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What to do when arriving at a serious Car Accident !

November 21, 2011

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With crazy season upon us we decided to post some educational posts to help you In Case of an Emergency.

 Please note every emergency is unique so these are purely guidelines!

What to do when arriving at a serious Car Accident

For those of us who are able to drive cars and use vehicles on a daily basis, it is expected that at some point in our lives we will either be involved in or come across a serious car accident. Knowing what to do in this situation is extremely important as it could possibly mean the difference between life and death for the person or people involved.

 Although this sounds like a lot of responsibility, not everyone is expected to have extensive medical training and be able to save victims’ lives, but we should all at least have an idea of the steps we should take to ensure that those victims do not succumb to injuries sustained in the accident due to our inactivity. As everybody knows, the first thing you must do is call the emergency services so that they have time to respond to the call and arrive on scene as soon as possible. When contacting the emergency services, the operator will ask you basic questions such as where the accident took place, how many vehicles or people were involved and how serious you estimate the injuries to be. In some cases they may even ask you to assess the severity of injuries whilst being given guidance by the operator.

 You are not going to be able to help anyone if you cause yourself injury, so the first thing you need to do is make sure that you are safe. Have a brief look around the scene of the accident for potential dangers including volatile chemical leakage, damaged electrical equipment and, obviously, traffic. Putting yourself in danger by trying to help the occupants of any of the vehicles is a risk that most of us should not attempt unless there is an immediate threat to the life of that person. This is a moral choice that you will not be judged on whatever you choose. If you think it is too dangerous, notify the emergency services of the situation and wait for them to arrive. If you judge that the situation is safe then you need to move quickly to try to ascertain the injuries sustained by any of the people involved. Initially you should attempt to communicate with the casualties, asking them their names and age, just to see if they can respond. Casualties that do not respond, even to shouting, should be given priority.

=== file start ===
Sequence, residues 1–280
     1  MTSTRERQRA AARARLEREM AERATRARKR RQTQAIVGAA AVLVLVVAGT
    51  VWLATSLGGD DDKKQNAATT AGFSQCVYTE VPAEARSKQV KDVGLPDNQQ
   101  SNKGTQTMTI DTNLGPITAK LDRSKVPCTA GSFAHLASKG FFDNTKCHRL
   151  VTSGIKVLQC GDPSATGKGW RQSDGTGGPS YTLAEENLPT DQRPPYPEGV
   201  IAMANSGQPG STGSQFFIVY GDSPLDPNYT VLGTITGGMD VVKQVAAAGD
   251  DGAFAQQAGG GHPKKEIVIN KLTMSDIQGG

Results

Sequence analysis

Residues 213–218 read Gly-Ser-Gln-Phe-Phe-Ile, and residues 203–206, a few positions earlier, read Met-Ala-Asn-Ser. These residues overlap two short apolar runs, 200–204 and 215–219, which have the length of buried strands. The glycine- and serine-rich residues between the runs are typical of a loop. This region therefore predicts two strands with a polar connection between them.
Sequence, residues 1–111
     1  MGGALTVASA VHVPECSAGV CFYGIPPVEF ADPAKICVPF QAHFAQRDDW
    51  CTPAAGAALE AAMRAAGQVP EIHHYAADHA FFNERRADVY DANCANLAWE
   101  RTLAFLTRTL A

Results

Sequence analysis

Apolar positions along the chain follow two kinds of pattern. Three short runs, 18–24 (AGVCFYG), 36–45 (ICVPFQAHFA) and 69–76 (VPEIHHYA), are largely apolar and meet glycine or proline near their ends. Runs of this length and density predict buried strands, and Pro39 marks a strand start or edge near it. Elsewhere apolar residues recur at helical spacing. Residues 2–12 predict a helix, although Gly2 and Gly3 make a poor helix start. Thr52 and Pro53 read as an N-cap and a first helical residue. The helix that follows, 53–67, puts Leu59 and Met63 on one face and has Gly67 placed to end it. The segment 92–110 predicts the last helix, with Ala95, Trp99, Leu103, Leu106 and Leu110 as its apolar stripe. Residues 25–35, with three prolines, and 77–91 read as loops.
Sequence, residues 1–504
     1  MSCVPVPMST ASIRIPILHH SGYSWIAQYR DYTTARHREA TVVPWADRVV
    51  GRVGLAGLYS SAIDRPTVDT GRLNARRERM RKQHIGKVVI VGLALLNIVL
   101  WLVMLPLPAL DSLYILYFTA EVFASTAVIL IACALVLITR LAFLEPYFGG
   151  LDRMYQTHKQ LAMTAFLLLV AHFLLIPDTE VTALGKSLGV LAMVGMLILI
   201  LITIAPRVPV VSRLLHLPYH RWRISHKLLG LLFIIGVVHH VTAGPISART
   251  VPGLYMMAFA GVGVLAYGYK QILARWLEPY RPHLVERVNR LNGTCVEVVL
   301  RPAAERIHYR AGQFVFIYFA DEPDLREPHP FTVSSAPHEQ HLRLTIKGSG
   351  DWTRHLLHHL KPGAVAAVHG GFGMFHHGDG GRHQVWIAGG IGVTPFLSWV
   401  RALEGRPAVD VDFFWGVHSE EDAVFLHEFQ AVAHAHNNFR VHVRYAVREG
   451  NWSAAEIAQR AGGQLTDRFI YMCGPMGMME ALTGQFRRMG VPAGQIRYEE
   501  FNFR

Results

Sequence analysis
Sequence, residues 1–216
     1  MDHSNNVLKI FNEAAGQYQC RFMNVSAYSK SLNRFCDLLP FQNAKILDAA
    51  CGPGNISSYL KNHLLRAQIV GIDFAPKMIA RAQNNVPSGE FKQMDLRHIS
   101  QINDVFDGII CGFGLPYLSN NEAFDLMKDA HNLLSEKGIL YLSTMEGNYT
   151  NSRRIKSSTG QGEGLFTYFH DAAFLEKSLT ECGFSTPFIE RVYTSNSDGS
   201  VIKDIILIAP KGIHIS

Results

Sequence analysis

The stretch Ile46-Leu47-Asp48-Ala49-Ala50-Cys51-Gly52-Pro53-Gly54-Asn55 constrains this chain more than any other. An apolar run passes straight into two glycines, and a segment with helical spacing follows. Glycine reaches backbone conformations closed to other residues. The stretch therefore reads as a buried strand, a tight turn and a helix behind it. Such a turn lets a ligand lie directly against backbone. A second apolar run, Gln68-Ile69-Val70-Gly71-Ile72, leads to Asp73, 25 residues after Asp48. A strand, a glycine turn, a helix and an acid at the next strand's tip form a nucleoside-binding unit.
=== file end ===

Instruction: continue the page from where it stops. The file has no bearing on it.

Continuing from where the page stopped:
Spinal injury is very common in road traffic accidents, so do not try to move the occupants of a vehicle unless their life is in immediate danger. The people involved in the accident that can move by themselves and exit the vehicle(s) need to be taken away from the scene of the accident as soon as possible, just so that they are out of further danger and given a chance to begin recovering. Most people will suffer from shock and will need comforting. They will feel nauseated, dizzy, confused and possibly cold, because of the increased adrenalin and hydrocortisone.

 Try to keep them warm and as comfortable as possible until the emergency services arrive.

“Time saves lives, Helivac saves Both”    

4 Comments leave one →
  1. paige permalink
    November 21, 2011 3:41 pm

    Wish more people would read this as it is important for everyone to know. Accidents are a serious .working in the emergency service is an awesome job and wish more people knew the smallest things but a big difference

  2. Gary permalink
    November 21, 2011 5:16 pm

    I’ve been fortunate to have been in positions to assist in car wreck situation on a number of occasions, it feels good to help and know what to do when help is required. Most if not all are caused by, inadequate driver education (too quick in conditions that don’t permit), drink driving (sometime too drunk to walk – let alone drive), differential in speed (one going way too fast, the other way too slow) and of course my personal favourite – road rage / “I know what I’m doing!”… I believe images like this should be displayed publicly (survivor permissions granted of course), but as a wake up call – it must. In World War 2, 1939 – 1945 (6 years of war), 12080 South Africans were killed. Last year on our roads +14000… makes you think!

  3. Beryl Hall permalink
    November 22, 2011 1:56 pm

    I am really intrested in this page thankyou for all the great work you do

  4. heidi permalink
    November 22, 2011 2:21 pm

    People need to realise to obey the road rules cause a lot of car accidents happens cause we don’t obey the rules of the road

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